-G | --no-garrulous Display tags comma-separated after filename (default)
        -H | --home         Find tagged files only in user home directory
        -L | --local        Find tagged files only in home + local filesystems (default)
        -R | --network      Find tagged files in home + local + network filesystems
        -0 | --nul          Terminate lines with NUL (\0) for use with xargs -0

It's possible to manipulate tags via pure bash commands. There's no need for a 3rd party "tag" util.

This command lists all tags of a file ($src):

xattr -px com.apple.metadata:_kMDItemUserTags "$src" | \
    xxd -r -p - - | plutil -convert json -o - - | sed 's/[][]//g' | tr ',' '\n'

And here is how you can add a tag ($newtag) to a file ($src):

xattr -wx com.apple.metadata:_kMDItemUserTags \
    "$(xattr -px com.apple.metadata:_kMDItemUserTags "$src" | \
    xxd -r -p - - | plutil -convert json -o - - | sed 's/[][]//g' | tr ',' '\n' | \
    (cat -; echo \"$newtag\") | sort -u | grep . | tr '\n' ',' | sed 's/,$//' | \
    sed 's/\(.*\)/[\1]/' | plutil -convert binary1 -o - - | xxd -p - -)" "$src"

Here is a small shell script which exports a "tags" function. Usage:

tags <file>
Lists all tags of a file

tags -add <tag> <file>
Adds tag to a file

The function could be easily extend to support removing as well.

tags() {
    # tags system explained: http://arstechnica.com/apple/2013/10/os-x-10-9/9/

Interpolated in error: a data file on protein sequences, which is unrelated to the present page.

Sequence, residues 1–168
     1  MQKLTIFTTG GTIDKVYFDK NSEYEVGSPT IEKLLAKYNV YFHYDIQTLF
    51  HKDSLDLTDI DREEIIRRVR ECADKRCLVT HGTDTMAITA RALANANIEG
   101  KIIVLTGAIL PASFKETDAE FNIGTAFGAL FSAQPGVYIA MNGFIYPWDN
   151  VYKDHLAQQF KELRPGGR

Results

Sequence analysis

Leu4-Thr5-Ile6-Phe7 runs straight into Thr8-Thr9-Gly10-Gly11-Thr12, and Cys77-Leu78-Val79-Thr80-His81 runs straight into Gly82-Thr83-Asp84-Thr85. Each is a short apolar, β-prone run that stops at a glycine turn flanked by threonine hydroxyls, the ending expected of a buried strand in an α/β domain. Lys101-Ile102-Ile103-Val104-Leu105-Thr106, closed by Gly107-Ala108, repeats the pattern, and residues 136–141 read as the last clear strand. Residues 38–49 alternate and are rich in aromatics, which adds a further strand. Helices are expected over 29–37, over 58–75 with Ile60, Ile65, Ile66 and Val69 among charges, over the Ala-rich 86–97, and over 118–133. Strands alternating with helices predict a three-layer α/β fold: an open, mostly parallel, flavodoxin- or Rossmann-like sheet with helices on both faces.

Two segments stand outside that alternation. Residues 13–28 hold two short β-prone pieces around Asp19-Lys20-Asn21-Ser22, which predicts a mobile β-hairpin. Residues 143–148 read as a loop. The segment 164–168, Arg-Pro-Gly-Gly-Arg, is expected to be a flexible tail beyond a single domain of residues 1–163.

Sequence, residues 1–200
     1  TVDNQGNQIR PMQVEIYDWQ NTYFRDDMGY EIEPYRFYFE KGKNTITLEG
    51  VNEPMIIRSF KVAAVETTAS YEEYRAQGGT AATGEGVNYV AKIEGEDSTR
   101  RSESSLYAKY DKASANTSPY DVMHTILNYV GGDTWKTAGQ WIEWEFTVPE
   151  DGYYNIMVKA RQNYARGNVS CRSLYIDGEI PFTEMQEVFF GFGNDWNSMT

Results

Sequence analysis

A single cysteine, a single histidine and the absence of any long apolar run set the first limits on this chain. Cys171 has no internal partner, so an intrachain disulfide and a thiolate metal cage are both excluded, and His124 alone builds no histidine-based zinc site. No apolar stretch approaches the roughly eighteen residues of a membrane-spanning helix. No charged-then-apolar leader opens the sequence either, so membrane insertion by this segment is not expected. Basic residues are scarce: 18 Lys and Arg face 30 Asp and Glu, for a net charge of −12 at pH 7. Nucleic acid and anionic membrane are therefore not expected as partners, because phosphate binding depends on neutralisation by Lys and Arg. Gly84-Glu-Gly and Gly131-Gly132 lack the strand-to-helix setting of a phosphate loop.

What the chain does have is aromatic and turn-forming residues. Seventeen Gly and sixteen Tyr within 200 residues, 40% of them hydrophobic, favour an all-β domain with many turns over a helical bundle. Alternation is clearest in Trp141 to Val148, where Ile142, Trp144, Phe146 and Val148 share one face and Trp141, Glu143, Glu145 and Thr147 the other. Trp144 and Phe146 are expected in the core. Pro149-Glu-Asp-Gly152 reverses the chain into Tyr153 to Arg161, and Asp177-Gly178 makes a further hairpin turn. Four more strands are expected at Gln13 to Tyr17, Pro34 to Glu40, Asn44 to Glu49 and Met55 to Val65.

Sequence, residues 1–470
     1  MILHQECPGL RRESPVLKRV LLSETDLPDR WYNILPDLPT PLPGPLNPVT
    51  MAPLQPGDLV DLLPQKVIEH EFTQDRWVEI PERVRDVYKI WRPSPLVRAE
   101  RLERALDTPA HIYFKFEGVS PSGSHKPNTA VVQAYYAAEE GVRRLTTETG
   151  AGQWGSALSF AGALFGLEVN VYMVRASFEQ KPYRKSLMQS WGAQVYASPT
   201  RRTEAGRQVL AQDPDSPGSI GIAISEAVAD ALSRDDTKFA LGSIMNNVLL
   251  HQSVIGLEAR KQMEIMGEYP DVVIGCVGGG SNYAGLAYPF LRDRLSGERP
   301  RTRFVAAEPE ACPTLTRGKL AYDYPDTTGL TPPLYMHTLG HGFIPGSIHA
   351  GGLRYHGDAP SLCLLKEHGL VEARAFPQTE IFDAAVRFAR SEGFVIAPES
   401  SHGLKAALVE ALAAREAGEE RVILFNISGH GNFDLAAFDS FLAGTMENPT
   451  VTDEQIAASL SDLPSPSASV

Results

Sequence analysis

local src=$1
    local action="get"

    if [[ $src == "-add" ]]; then
        local newtag=$2
        local action="add"

    # hex -> bin -> json -> lines
    local hexToLines="xxd -r -p - - | plutil -convert json -o - - | sed 's/[][]//g' | tr ',' '\n'"

    # lines -> json -> bin -> hex
    local linesToHex="tr '\n' ',' | echo [\$(sed 's/,$//')] | plutil -convert binary1 -o - - | xxd -p - -"

    local gettags="xattr -px com.apple.metadata:_kMDItemUserTags \"$src\" 2> /dev/null | $hexToLines | sed 's/.*Property List error.*//'"

    if [[ $action == "get" ]]; then
        sh -c "$gettags"
        local add="(cat -; echo \\\"$newtag\\\") | sort -u"
        local write="xattr -wx com.apple.metadata:_kMDItemUserTags \"\$($gettags | $add | grep . | $linesToHex)\" \"$src\""

        sh -c "$write"
export -f tags
  • Yikes, those are long lines! I suggested a wrapping edit. I think they might be better done as small shell scripts, though.
    – zigg
    Jan 31, 2014 at 2:21
  • Your xattr -wx command fails when the file doesn't already have any tags on it. How can I avoid this? Oct 10, 2015 at 17:43
  • Seems to have some issue in the latest OS X (El Cap 10.11.4). Running the xattr -px … command you've given to show the tags on one of my folders gives the following output: "language:Objective-C\n2" (newline) "platform:iOS\n4". Honestly, if you're going to wrap up your moderately-complex shell code into a bash function, you're sort of just duplicating the effort of tag, which has the advantage of being community well-maintained. May 11, 2016 at 19:18
  • @SlippD.Thompson, how is wrapping up shell code into a bash function anything to do with "effort duplication" of a to-be compiled tool?... You don't have to give a pro-con analysis for this and 'tag', you choose whatever you like. The statement of this solution is that you don't need a 3rd party tool to achieve the desired functionality.
    – sarimarton
    Jul 3, 2018 at 8:26